Due to having a graduate degree that is perhaps best described as “eclectic,” I took a number of classes outside the standard history curriculum. Now, I was not the only one—one student commuted to the state veterinary school to take a course on “Equines and Man” that was a history of horses, mules, and donkeys, and we had people in the business and hard sciences courses. However, I was the only one who ended up learning surveying and how to measure stream flow.
This involved labs. Hydrological surveys are not done in warm, tidy, indoor labs. Nope, they involve wading boots or hip or chest waders*, practical clothes, and in some cases off-road vehicles. I never got that far, but my crew did get ticks, poison ivy, and mud and water. Murphy being what he is, the first time we did serious in-the-stream surveying, I got to hold the stick.
This is not a euphemism. It was a surveyor’s rod, with a laser-level-receiver attached to the top. Rather than teach us how to use a bubble level et al, the prof had a laser level and associated equipment. It rode in the front seat in a padded, armored box. We rode in the back with the dog crate, or would have if it were legal to have grad-students riding in the bed of pick-ups on the highway. Instead we carpooled.
So, I had knee boots (borrowed from MomRed) and lost the toss to hold the stick once we finished the bed composition survey. Imagine if you will a Great Plains stream, about 6-10 feet below the land surface, about 20 feet or so wide at the widest, depth to be determined. We started by walking along and finding a “representative reach,” one that wasn’t special and that we could get in and out of relatively easily. The prof set up the laser level while we pulled on boots and waders and clambered down into the stream. First we did the bed survey. One person did the tally as the rest of us spread out and stuck our fingers into the stream bed, reporting what we found. Mostly small gravel, as it turned out, a little bit of sand, and I hit silt. I was the only one out of a sample of 100, and caught a little grief about it.
That done, then we measured across the stream from bankfull to bankfull, because “if you don’t know bankfull, you don’t know sh-t.”Next came the tedious, finickey bit. We had to measure two riffles and a pool in order to determine the slope of the bed, so that we could do a full Rosgen Level 3** classification. Three of us had sticks, two recorded, and one manned the level. Another person had a tape measure and kept us honest about how far apart we took measurements. I don’t recall what the eighth student did, and the prof supervised.
We had almost finished and I was standing in a pool, a lower, quieter area, holding the stick very still and trying not to wobble and foul up the measurement. The height read-out is clipped to the end of this 20 foot long stick, really an expandable and calibrated pole. Of course the breeze was blowing, and we were supposed to keep the stick steady in the stream bed and not allow the other end to wag or wobble until the measurement had been read and confirmed and recorded. I’m sure any hikers wondered why voices from below ground level kept calling “three point two five,” “three point three,” and so on.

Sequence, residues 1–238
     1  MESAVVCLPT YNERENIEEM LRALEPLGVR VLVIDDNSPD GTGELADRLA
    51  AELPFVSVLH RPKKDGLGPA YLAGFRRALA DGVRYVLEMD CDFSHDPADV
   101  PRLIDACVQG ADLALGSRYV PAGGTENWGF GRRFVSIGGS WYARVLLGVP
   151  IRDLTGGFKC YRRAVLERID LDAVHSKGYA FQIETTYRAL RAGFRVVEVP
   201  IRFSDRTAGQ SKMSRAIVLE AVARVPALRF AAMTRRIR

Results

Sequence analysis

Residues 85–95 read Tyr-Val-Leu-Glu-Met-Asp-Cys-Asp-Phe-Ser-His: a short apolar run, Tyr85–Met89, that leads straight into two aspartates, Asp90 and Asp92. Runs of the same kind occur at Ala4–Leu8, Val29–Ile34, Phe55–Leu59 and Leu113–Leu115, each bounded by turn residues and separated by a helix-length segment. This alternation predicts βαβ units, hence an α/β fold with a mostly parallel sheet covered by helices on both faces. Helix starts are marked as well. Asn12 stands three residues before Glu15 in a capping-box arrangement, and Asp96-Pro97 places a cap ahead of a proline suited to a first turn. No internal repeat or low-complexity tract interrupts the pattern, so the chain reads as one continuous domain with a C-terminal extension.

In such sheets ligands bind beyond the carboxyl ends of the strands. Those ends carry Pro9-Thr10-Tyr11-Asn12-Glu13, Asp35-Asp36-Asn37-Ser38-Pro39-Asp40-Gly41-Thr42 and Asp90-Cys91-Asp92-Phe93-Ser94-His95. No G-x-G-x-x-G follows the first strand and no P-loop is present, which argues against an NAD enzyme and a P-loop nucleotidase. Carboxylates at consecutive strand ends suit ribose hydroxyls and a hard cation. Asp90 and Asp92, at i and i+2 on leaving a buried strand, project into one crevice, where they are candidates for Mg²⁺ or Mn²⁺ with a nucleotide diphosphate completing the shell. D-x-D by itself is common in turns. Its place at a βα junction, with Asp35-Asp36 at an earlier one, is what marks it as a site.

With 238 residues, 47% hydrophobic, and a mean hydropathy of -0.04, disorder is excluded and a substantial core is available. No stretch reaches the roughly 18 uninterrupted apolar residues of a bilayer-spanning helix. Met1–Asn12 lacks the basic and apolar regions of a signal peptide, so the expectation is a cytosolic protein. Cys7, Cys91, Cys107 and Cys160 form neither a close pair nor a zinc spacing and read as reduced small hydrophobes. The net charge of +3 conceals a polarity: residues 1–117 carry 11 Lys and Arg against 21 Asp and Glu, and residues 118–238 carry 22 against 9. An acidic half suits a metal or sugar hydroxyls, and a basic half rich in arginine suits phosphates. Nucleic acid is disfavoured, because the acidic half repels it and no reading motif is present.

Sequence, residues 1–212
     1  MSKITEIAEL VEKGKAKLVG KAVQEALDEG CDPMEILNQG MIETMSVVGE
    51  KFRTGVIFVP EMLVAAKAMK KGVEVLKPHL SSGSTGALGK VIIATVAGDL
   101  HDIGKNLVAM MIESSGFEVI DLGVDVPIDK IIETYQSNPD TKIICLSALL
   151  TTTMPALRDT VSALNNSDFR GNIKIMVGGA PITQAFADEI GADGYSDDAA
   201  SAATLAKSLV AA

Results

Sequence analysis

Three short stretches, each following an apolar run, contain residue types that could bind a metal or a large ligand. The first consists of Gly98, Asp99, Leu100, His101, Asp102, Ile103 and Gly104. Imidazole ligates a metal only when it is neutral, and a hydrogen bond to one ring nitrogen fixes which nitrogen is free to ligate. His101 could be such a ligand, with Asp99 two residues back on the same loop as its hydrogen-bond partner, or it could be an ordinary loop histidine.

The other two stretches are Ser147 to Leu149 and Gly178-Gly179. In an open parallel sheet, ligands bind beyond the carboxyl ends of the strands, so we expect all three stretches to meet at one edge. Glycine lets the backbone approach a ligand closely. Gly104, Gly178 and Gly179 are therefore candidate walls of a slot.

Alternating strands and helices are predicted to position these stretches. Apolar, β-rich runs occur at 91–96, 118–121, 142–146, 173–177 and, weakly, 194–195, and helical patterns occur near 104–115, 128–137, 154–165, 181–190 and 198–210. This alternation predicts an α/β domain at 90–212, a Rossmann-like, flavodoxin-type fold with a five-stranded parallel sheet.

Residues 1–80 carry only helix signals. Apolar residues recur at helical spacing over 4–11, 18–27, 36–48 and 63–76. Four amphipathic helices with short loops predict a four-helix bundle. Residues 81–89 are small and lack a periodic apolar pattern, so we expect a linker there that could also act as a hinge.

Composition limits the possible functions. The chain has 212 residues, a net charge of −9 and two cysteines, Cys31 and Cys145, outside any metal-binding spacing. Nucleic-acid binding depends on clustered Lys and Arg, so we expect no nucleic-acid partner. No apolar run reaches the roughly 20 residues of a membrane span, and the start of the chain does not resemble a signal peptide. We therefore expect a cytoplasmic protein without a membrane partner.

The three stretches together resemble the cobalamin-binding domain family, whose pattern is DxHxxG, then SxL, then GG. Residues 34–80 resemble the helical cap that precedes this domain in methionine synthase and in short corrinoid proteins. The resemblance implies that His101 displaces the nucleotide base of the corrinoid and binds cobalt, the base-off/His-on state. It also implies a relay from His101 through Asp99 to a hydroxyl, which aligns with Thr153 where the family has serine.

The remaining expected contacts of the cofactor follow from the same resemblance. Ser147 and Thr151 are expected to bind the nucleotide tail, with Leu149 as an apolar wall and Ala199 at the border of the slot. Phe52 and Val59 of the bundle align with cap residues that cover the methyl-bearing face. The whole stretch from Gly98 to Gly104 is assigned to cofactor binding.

As I stood there, I realized that my ankles were now level with the top of the stream bed. They had been above said stream bed. I was sinking into silt, in water up to my knees. Cold water. On the up side, the boots didn’t leak. On the down side, getting out of the stream might be a touch difficult.
At last, I could move. Except I couldn’t. “I need a hand.”
“I’m stuck in silt.”
“No, you’re not.” The prof looked sceptical and the guys started giving me grief.
I shook my head, “No, seriously, I’m in mud and I don’t want to drop the rod into the water if I overbalance.”
The prof pointed to one of the guys and ordered, “Pull her out.”
The larger male grad student splashed up, leaned forward and his eyes went wide. “She is in mud! And it’s sticky.”
I gave him the rod, which he passed to another student. Priorities, priorities. Then he took my wrist, I grabbed his, he heaved back and I smoothly pulled one foot loose. I stretched that leg far enough to get onto gravel and then, with him stabilizing me, got the other foot loose. I held that boot up so everyone could see the mud.
We finished the survey without further incident, unless you count the prof finding the only patch of poison ivy in that entire third of the state. He had come prepared and washed off ASAP, and didn’t get much of a rash out of it. Then we decamped to the parking lot and had lunch, made copies of the data, and went home.
*Yes, people actually do this sort of thing in chest-deep water if the current is very slow and there are safety people around. Otherwise pricier but safer techniques are used. No one wants to lose expensive equipment downstream with the grad student still attached.
**About a half mile or so upstream of “our” reach, a flow monitor recorded the velocity of flow. The prof had access to that data for us. The water was too shallow to “toss in an undergrad and see how long it takes him to travel a mile downstream.” Apparently calibrating for the slowing effects of flailing arms and legs can be tricky. Plus they make a great deal of noise and disturb the wildlife.